The use of all these synonyms in the extract creates a vivid picture of exhausted, broken men marching from the battle-field and enhances the general atmosphere of defeat and hopelessness.
A carefully chosen word from a group of synonyms is a great asset not only on the printed page but also in a speaker's utterance. It was Mark Twain who said that the difference between the right word and just the right word is the difference between the lightning and the lightning-bug.
Types of Synonyms
The only existing classification system for synonyms was established by Academician V. V. Vinogradov, the famous Russian scholar. In his classification system there are three types of synonyms: ideographic (which he defined as words conveying the same concept but differing in shades of meaning), stylistic (differing in stylistic characteristics) and absolute (coinciding in all their shades of meaning and in all their stylistic characteristics).
A more modern and a more effective approach to the classification of synonyms may be based on the definition describing synonyms as words differing in connotations. It seems convenient to classify connotations by which synonyms differ rather than synonyms themselves. It opens up possibilities for tracing much subtler distinctive features within their semantic structures.
Types of Connotations
I. The connotation of degree or intensity can be traced in such groups of synonyms as to surprise — to astonish — to amaze — to astound; to satisfy — to please — to content — to gratify — to delight — to exalt; to shout — to yell — to bellow — to roar; to like — to admire — to love — to adore — to worship.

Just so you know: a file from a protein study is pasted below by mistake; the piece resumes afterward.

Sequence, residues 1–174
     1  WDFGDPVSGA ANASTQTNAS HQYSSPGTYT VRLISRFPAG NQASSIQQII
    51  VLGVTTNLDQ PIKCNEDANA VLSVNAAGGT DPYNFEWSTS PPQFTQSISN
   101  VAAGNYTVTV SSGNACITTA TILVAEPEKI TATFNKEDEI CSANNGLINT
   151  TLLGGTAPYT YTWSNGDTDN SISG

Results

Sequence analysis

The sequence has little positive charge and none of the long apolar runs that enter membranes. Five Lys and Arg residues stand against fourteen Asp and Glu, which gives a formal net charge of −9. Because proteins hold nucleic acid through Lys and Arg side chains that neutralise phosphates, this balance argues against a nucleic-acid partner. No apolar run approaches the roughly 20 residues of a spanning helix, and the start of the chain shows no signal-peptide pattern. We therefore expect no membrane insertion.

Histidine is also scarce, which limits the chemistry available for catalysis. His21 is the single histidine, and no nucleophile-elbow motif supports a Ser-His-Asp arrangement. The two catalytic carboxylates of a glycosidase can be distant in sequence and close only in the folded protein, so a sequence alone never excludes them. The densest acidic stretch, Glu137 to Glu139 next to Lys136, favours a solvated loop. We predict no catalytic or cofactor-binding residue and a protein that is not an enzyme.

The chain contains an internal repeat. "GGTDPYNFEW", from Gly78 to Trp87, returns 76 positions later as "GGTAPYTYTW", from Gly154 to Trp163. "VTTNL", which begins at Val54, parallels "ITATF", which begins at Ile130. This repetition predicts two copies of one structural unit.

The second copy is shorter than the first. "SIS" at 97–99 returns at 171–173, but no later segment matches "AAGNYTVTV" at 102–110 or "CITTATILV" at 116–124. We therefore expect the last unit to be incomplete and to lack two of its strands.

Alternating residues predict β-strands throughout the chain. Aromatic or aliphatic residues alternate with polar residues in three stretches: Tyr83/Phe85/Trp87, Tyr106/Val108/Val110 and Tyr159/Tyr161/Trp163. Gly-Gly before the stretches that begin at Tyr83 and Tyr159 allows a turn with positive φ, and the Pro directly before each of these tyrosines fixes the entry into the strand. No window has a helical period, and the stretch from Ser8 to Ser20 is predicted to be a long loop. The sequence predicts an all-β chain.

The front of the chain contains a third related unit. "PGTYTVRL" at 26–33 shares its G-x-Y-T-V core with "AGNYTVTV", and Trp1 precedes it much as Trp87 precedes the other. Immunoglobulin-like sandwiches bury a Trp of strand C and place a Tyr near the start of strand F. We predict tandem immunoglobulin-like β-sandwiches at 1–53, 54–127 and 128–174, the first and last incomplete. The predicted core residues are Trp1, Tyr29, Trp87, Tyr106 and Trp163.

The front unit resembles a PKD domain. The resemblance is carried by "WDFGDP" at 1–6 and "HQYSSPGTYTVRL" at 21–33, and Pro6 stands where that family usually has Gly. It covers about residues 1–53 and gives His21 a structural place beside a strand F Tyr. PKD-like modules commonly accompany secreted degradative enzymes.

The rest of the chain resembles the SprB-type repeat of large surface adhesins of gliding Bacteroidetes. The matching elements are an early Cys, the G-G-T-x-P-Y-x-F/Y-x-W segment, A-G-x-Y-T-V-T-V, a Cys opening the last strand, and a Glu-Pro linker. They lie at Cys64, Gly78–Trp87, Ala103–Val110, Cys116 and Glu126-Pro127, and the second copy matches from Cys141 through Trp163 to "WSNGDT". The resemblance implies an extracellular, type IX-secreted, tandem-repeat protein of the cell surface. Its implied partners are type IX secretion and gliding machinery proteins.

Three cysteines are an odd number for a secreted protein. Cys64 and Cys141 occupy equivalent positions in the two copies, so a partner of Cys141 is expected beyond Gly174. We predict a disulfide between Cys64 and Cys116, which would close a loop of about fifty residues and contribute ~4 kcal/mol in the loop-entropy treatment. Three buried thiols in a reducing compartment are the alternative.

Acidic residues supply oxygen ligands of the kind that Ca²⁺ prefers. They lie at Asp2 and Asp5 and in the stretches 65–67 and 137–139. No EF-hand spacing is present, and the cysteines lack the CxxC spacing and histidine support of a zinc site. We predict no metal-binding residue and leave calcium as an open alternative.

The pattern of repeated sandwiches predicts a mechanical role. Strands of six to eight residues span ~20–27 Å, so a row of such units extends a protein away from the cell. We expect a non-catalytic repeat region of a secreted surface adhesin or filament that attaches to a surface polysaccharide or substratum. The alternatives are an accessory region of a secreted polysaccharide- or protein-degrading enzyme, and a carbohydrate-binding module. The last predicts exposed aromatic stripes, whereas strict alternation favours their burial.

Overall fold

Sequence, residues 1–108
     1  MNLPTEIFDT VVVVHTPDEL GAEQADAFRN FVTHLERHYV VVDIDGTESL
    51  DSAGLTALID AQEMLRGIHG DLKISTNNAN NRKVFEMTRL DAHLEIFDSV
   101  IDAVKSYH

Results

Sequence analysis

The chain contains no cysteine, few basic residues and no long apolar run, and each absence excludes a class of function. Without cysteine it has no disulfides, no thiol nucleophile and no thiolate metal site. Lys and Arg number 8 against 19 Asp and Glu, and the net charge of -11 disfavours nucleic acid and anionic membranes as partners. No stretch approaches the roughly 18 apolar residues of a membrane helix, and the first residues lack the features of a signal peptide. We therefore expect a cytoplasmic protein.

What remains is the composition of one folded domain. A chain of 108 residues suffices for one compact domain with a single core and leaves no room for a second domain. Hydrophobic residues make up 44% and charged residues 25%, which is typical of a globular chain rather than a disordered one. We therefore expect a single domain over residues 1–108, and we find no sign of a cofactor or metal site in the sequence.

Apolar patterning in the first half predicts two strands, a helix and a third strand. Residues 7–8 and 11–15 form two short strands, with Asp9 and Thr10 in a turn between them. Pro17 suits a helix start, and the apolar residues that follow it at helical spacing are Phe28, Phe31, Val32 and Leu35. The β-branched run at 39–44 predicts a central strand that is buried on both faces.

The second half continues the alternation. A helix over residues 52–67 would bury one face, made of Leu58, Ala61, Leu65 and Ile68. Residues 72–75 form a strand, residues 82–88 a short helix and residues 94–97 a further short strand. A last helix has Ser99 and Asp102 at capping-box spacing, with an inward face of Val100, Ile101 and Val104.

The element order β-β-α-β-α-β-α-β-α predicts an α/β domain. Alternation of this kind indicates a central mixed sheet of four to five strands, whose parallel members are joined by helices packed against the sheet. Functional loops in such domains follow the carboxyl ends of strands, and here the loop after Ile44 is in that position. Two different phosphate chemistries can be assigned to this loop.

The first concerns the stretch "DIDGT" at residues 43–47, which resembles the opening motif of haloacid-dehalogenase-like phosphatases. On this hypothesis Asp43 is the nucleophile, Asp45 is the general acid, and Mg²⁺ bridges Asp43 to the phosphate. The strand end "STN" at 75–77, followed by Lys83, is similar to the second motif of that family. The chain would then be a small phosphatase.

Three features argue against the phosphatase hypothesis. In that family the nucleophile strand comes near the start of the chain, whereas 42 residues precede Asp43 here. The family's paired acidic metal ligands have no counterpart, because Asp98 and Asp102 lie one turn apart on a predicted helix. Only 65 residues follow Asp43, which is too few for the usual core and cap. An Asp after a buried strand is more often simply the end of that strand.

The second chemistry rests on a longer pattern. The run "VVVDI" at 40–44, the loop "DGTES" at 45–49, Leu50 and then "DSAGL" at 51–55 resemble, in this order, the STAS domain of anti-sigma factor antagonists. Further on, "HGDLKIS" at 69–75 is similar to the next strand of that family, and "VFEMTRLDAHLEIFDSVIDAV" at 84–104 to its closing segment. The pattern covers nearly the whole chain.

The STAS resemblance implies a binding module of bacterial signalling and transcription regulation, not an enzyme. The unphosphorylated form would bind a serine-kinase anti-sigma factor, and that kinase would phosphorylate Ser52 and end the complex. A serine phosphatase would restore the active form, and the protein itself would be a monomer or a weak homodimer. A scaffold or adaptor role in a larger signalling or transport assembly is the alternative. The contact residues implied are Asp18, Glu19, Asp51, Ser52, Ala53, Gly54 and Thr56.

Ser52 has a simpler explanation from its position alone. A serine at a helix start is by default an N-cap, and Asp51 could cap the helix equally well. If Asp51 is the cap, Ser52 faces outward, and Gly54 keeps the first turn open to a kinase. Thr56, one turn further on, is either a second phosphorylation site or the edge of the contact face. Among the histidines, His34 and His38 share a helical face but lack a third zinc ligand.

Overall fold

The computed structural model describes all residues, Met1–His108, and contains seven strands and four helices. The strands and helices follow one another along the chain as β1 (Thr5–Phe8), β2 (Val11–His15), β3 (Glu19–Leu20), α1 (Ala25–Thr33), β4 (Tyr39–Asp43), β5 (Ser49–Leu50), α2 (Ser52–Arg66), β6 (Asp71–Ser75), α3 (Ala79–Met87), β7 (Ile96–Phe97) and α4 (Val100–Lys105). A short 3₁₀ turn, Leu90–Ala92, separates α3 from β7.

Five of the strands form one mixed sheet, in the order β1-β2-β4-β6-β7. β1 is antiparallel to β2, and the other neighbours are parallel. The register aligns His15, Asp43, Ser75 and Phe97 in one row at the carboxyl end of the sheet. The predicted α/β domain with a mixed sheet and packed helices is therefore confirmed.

П. In the group of synonyms to stare — to glare — to gaze — to glance — to peep — to peer, all the synonyms except to glance denote a lasting act of looking at somebody or something, whereas to glance describes a brief, passing look. These synonyms may be said to have a connotation of duration in their semantic structure.
Other examples are: to flash (brief) — to blaze (lasting); to shudder (brief) — to shiver (lasting); to say (brief) — to speak, to talk (lasting).
All these synonyms have other connotations besides that of duration.
III. The synonyms to stare — to glare — to gaze are differentiated from the other words of the group by emotive connotations, and from each other by the nature of the emotion they imply. In the group alone — single — lonely — solitary, the adjective lonely also has an emotive connotation.
She was alone implies simply the absence of company, she was lonely stresses the feeling of melancholy and desolation resulting from being alone. A single tree on the plain states plainly that there is (was) only one tree, not two or more. A lonely tree on the plain gives essentially the same information, that there was one tree and no more, but also creates an emotionally coloured picture.
In the group to tremble — to shiver — to shudder — to shake, the verb to shudder is frequently associated with the emotion of fear, horror or disgust, etc. (e. g. to shudder with horror) and therefore can be said to have an emotive connotation in addition to the two others.
One should be warned against confusing words with emotive connotations and words with emotive denotative meanings, e. g. to love — to admire — to adore — to worship; angry — furious — enraged; fear — terror — horror. In the latter, emotion is expressed by the leading semantic component whereas in the former it is an accompanying, subsidiary characteristic.
IV. The evaluative connotation conveys the speaker's attitude towards the referent, labelling it as good or bad. So in the group well-known — famous — notorious — celebrated, the adjective notorious bears a negative evaluative connotation and celebrated a positive one. Cf.: a notorious murderer, robber, swindler, coward, lady-killer, flirt, but a celebrated scholar, artist, singer, man-of-letters.